Bertie on this very weird-looking beast!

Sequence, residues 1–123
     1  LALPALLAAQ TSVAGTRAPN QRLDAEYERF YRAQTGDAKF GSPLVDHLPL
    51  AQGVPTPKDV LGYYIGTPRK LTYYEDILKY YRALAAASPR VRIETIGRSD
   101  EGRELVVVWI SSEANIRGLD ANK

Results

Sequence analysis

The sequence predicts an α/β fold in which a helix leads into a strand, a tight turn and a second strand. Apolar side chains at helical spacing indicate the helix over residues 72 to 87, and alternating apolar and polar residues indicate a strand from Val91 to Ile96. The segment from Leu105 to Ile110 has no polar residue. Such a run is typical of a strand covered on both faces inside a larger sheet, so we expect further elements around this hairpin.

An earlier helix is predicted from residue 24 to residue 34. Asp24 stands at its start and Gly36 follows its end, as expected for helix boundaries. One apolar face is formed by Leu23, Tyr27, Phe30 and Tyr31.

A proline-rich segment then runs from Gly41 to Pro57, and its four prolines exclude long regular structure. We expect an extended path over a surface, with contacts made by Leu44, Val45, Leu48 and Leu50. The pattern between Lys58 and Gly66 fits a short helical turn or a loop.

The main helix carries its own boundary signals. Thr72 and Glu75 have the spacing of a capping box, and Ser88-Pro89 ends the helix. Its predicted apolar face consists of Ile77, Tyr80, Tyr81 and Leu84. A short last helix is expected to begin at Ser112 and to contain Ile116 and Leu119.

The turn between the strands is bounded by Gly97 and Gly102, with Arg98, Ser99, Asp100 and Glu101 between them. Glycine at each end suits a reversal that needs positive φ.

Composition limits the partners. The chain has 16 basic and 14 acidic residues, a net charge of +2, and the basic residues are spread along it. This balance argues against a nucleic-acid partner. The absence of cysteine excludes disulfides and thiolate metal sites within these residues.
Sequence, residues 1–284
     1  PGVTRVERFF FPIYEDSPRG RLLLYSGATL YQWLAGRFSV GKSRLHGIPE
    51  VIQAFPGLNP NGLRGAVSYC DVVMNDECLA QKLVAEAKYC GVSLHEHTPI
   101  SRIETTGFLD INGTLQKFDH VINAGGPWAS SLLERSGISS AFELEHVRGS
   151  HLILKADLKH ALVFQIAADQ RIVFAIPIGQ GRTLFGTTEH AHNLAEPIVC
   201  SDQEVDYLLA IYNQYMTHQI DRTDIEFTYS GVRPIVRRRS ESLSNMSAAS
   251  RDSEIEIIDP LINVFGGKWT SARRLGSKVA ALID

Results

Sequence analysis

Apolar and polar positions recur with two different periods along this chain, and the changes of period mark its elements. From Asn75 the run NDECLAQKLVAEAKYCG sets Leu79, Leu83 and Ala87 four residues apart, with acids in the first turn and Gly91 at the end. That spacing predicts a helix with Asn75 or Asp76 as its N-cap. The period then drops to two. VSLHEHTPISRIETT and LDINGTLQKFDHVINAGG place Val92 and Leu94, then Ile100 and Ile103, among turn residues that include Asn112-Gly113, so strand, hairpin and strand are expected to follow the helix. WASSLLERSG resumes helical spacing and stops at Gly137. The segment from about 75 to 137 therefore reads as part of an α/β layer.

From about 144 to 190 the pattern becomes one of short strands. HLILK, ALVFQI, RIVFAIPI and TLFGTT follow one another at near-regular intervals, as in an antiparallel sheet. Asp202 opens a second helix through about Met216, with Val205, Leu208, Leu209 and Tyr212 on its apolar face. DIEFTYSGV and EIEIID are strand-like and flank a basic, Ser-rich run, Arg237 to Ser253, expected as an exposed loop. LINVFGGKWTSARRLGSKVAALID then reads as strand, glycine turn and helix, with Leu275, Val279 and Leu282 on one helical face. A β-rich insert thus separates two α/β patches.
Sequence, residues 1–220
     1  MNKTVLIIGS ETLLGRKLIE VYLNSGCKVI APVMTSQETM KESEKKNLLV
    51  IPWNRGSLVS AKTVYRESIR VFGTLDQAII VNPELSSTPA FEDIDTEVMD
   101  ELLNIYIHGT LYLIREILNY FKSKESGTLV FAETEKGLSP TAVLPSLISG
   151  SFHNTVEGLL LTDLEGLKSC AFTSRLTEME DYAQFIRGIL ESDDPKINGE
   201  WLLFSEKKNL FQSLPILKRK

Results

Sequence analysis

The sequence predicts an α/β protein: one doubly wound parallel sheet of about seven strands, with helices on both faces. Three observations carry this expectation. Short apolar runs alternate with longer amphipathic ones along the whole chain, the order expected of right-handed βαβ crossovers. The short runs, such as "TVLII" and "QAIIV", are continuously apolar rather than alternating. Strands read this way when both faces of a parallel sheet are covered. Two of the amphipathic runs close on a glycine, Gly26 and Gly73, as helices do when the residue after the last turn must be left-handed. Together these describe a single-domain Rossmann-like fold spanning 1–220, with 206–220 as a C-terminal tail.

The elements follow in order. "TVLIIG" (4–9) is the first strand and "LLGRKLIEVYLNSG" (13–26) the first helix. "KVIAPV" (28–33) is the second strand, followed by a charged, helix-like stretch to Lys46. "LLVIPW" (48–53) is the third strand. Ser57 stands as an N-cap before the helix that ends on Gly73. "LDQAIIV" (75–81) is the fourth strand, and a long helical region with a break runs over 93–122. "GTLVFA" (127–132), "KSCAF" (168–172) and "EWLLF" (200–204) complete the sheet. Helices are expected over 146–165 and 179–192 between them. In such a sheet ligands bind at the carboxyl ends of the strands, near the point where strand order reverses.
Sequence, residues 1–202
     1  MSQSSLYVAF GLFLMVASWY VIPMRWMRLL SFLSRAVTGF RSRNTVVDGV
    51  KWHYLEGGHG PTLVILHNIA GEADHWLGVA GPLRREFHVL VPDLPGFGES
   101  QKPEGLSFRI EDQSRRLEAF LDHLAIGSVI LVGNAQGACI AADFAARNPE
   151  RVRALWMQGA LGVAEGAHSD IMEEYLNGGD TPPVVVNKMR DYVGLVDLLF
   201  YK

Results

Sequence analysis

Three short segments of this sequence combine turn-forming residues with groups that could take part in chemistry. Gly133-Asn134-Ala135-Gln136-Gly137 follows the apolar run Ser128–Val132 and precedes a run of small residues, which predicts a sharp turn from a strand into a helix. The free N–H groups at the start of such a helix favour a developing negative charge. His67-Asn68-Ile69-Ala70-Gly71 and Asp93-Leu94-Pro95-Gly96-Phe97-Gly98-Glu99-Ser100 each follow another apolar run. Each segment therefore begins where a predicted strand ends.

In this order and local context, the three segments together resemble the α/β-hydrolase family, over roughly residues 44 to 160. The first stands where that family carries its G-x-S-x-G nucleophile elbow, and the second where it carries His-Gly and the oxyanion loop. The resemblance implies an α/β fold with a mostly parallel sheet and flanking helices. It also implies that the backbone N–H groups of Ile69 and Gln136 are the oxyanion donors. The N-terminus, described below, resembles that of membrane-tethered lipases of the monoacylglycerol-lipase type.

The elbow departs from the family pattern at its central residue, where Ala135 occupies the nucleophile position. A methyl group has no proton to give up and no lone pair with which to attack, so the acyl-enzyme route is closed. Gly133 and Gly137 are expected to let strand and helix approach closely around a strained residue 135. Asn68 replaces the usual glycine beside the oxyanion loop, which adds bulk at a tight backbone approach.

Iwas lucky enough to head out on the launch of the original Multistrada back in 2003 and I loved it. But before my first impressions, let’s deal with the elephant in the room… those looks. Now, while the post 2009 model with the liquid-cooled motor and hawkish looks is a real head-turner, the original wasn’t, by any stretch of the imagination. At the time I compared it to some sort of brutish love child between the Elephant Man and Davros, creator of the Daleks, penned as it was by Ducati designer (and 999 man) Pierre Terblanche. Now, Terblanche has some great visual ‘hits’ to his name (including the Cagiva Gran Canyon, a progenitor to the ‘Strada) as well as some also-rans and for my money the original Multistrada is in the latter camp. It’s just an eye-sore, but it’s an eye-sore that works and works brilliantly. Firstly the choice of motors is inspired. The 1000DS (dual spark) and later 1100 air-cooled twins are some of the best to come out of Bologna. The original 1000 has a healthy 84bhp but it’s the spread of power which is impressive and the sound from the under-seat pipes is glorious: especially with after-market Termignonis. The chassis is similarly brilliant. Various upgraded models included the likes of Ohlins but the basic model – developed as it was over the twisty, difficult 30km of the Passo della Futa – is more than brilliant enough, having as it does fully adjustable Showa suspension. Comfort too is pretty damn good – although the larger gents/people will want for more from the fairing and screen – but you do have adjustable (by 50mm) bars which move fore and aft. Nice touch, that. All of this gels together to make the Multistrada a stunning road bike: it can go fast on B-roads, can go two-up on motorways and commute with ease. It’s as a rip-roaring road scalpel that I loved it. At the launch we had some stunning roads to enjoy and the Multistrada just coped with whatever was thrown at it. The ’Strada was also one of the first Ducatis to get LOADS of accessories and extras thrown at it, so – if you’ve a mind – you can get trick bits, performance parts and touring kit all specifically designed by Ducati for the Multistrada – worth remembering if you want to buy one. And here’s the rub… while there aren’t many original Multistradas out there, prices aren’t that high: and they even did a 620 version… Despite a (then high) original price of £7600 or thereabouts you can get yourself a ’Strada today for around £2000, while a little more gets you a real good one. Just check that the thing has been serviced and that the suspension is still sorted.